After founding the startup Humane, Imran Chaudhri and Bethany Bongiorno, having both worked for Apple in the past, unveil their new project. In short video excerpts from a TED conference, one of them presents what he considers to be the device of the future, which could replace our cell phones and other connected watches.
A device entirely designed around AI
The ChatGPT revolution has not escaped anyone’s notice, but we are only at the beginning of the possible uses of artificial intelligence. Imran Chaudhri thinks his company has found a way to use AI to come up with a new type of device:
“Today I want to share with you […] a new type of wearable device, entirely designed around artificial intelligence. He is completely autonomous. You don’t need a smartphone or any other device to connect it. »
As you can see in the video clip below, Chaudhri wears the product on his shirt. It is a small box with different sensors. Unlike a classic voice assistant like Siri or Google Assistant, the latter is not triggered by voice, but by pressing the box. It is then possible to interact with it in different ways.
The first is obviously by talking to him. For example, we hear the device translate a sentence spoken by Chaudhri from English to French, using its own voice model generated by artificial intelligence. A process that is reminiscent the tool used by David Guetta to imitate Eminem’s voice.
Tea @Humane wearable doing English->French AI translation in your own voice… wow. (SOUND ON)
Video credit @ZarifAli9
Read the exclusive on the Humane wearable’s features: https://t.co/TYRmtYPSYI pic.twitter.com/cmAWEU8DFS
— Ray Wong (@raywongy) April 21, 2023
The device is also equipped with a camera capable of projecting information, as seen here on Chaudhri’s hand, although interacting with this interface still seems a little blurry.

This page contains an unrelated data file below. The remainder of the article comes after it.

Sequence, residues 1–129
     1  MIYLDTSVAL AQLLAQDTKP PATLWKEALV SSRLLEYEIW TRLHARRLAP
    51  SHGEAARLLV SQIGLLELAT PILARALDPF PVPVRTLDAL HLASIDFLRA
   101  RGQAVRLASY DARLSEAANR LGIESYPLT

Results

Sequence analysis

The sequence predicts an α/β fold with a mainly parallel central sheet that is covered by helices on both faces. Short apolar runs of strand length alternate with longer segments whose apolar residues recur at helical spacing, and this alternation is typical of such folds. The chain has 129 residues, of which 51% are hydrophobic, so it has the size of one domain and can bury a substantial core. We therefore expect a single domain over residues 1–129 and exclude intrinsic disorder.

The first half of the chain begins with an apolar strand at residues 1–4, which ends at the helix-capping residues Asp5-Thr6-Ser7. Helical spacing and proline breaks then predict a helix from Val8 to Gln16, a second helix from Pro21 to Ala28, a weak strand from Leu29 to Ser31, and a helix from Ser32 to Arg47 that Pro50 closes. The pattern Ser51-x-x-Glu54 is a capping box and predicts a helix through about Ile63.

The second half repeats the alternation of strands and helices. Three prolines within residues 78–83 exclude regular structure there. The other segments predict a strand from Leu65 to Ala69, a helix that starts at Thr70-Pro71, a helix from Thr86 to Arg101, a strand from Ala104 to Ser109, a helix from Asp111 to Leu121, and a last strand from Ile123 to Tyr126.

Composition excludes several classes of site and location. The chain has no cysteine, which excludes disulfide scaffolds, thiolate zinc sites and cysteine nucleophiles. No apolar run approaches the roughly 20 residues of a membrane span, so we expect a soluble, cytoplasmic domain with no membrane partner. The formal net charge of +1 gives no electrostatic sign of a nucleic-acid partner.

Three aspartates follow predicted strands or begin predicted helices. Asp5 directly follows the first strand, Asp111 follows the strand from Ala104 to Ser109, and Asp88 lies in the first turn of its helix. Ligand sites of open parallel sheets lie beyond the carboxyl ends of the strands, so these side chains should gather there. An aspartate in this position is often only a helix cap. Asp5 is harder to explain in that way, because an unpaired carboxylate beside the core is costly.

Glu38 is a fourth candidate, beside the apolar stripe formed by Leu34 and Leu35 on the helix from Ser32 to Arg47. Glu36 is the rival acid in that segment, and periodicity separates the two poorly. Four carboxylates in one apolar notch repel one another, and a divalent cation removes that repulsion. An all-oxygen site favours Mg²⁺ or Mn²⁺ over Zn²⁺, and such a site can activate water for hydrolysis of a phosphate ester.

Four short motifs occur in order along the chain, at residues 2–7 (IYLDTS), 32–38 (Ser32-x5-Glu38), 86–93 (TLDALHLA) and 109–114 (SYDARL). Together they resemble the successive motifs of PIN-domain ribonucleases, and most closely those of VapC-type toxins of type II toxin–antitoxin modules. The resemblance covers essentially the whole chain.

I obtained a video of @Humane ‘s AI-powered wearable projector in action (clipped from a video @zarifali9 feel me of the #TED2023 by @imranchaudhri)
This looks insaneee! pic.twitter.com/DDOfTMCxH5
— Ray Wong (@raywongy) April 21, 2023
Another use case is presented when the device scans a chocolate bar to read its composition and give information relating to the food intolerances or allergies of its owner.
@humane‘s device helping you decide what you can and cannot eat based on knowing your preferences and dietary restrictions. pic.twitter.com/PFwEAsNxDI
—Michael Mofina (@MichaelMofina) April 21, 2023
Many unanswered questions
As with all product presentations, their designers have full control over what elements they want to show. In this sense, Chaudhri’s demonstration is perfectly mastered and relatively impressive. But does this “projector” coupled with an AI-enhanced voice assistant really have the potential to replace our smartphone? For the co-founder of Humane, there is no doubt: “AI will drive the next leap forward in device design”.
Chaudhri also advocates the absence of screens, the very ones he helped popularize for 20 years at Apple by working on products like the iPhone, iPad and Apple Watch:
“For the human-technology relationship to truly evolve beyond screens, we need something radically different. […] The future will not be held in your hands or in your face. The future of technology could almost be invisible. »
It now remains to know the weight of the device, its attachment system or the dangerousness (or not) of the projector if the latter accidentally comes into contact with the eyes. The question of displaying more complex information such as a map or an itinerary also arises depending on the projection surface.
To read : Google will integrate conversational AI into its search engine, and that changes everything
Note also that some people do not use the voice assistants of their smartphones, because they simply do not want others to hear their requests or conversations. Under these conditions, the new Humane device is more like a voice assistant integrating AI very well than a product capable of completely replacing our devices equipped with a screen.
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